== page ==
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dc.contributor.advisorSally Haslanger.en_US
dc.contributor.authorHolland, Sean Jamisonen_US
dc.contributor.otherMassachusetts Institute of Technology. Dept. of Linguistics and Philosophy.en_US
dc.date.accessioned2010-05-25T20:58:27Z
dc.date.available2010-05-25T20:58:27Z
dc.date.copyright2009en_US
dc.date.issued2009en_US
dc.identifier.urihttp://hdl.handle.net/1721.1/55179
dc.descriptionThesis (Ph. D.)--Massachusetts Institute of Technology, Dept. of Linguistics and Philosophy, 2009.en_US
dc.descriptionCataloged from PDF version of thesis.en_US
dc.descriptionIncludes bibliographical references (p. 99-100).en_US
dc.description.abstractContemporary philosophy of human rights is dominated by two seemingly opposed approaches. This dissertation is concerned with the choice between them. The traditional approach to human rights is characterized by the belief that human rights are moral rights that all human beings possess simply in virtue of their humanity. The political approach to human rights is characterized by the belief that human rights are those rights that possess an essential political function. Each approach faces a unique challenge, and attending to how each challenge is met reveals that the two approaches are more similar than first supposed. However, there remains an important difference between the two approaches regarding the concept of a human right. I argue that the conceptual claim made by the political approach is false. In Chapter One I focus on the traditional approach to human rights. It has an unclear connection to the existing international political discourse and practice of human rights. I call the challenge for the traditional approach the demand of taking the practice seriously. I argue that the traditional account can do so in at least three important ways that demand might be understood. In satisfying this demand, the traditional approach is shown to be in agreement with the political approach in an important way. In Chapter Two I focus on the political approach to human rights. In focusing on the existing political practice of human rights, the political approach can appear overly descriptive in nature. Its challenge is to account for the distinctive moral authority of human rights.en_US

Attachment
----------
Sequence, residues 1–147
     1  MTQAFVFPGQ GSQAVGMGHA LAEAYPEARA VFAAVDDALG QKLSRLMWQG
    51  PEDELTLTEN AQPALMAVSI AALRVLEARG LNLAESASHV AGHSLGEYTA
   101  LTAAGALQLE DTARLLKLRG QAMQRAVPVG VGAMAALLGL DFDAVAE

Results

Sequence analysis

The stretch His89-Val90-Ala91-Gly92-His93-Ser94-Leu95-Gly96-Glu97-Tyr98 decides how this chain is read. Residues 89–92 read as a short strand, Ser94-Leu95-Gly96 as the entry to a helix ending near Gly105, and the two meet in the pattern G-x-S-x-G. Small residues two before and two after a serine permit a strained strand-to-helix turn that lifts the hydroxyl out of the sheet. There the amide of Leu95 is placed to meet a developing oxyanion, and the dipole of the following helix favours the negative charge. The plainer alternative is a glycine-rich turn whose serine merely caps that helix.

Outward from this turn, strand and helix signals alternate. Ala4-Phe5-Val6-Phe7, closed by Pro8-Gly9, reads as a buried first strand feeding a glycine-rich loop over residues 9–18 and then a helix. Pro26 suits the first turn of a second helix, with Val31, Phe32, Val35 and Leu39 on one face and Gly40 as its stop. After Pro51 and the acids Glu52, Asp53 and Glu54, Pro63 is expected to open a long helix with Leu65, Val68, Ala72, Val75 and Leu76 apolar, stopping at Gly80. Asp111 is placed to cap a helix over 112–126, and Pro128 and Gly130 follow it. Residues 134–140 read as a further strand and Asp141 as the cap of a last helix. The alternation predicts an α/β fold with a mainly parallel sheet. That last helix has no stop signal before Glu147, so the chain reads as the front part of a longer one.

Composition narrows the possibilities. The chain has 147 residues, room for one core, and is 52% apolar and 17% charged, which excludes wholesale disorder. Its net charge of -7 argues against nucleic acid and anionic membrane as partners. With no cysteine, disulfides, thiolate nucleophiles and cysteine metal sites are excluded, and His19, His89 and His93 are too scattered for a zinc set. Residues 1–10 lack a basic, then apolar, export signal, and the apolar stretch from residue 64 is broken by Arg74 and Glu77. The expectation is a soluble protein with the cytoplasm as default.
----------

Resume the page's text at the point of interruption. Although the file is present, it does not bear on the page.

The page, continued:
dc.description.abstract(cont.) I call this challenge the normativity challenge and I argue that the political approach has an effective answer to this concern. However, that answer is indistinguishable from that offered by the traditional approach. Thus, the political approach is shown to be in agreement with the traditional approach in an important way. However, there is an important difference between the two approaches. The political approach ties the concept of a human right to a distinctive political function. The traditional approach rejects this conceptual claim. In Chapter Three I argue that the political approach's conceptual claim is false.en_US
dc.description.statementofresponsibilityby Sean Jamison Holland.en_US
dc.format.extent100 p.en_US
dc.language.isoengen_US
dc.publisherMassachusetts Institute of Technologyen_US
dc.rightsM.I.T. theses are protected by copyright. They may be viewed from this source for any purpose, but reproduction or distribution in any format is prohibited without written permission. See provided URL for inquiries about permission.en_US
dc.rights.urihttp://dspace.mit.edu/handle/1721.1/7582en_US
dc.subjectLinguistics and Philosophy.en_US
dc.titleTwo approaches to human rightsen_US
dc.typeThesisen_US
dc.description.degreePh.D.en_US
dc.contributor.departmentMassachusetts Institute of Technology. Dept. of Linguistics and Philosophy.en_US
dc.identifier.oclc608229220en_US


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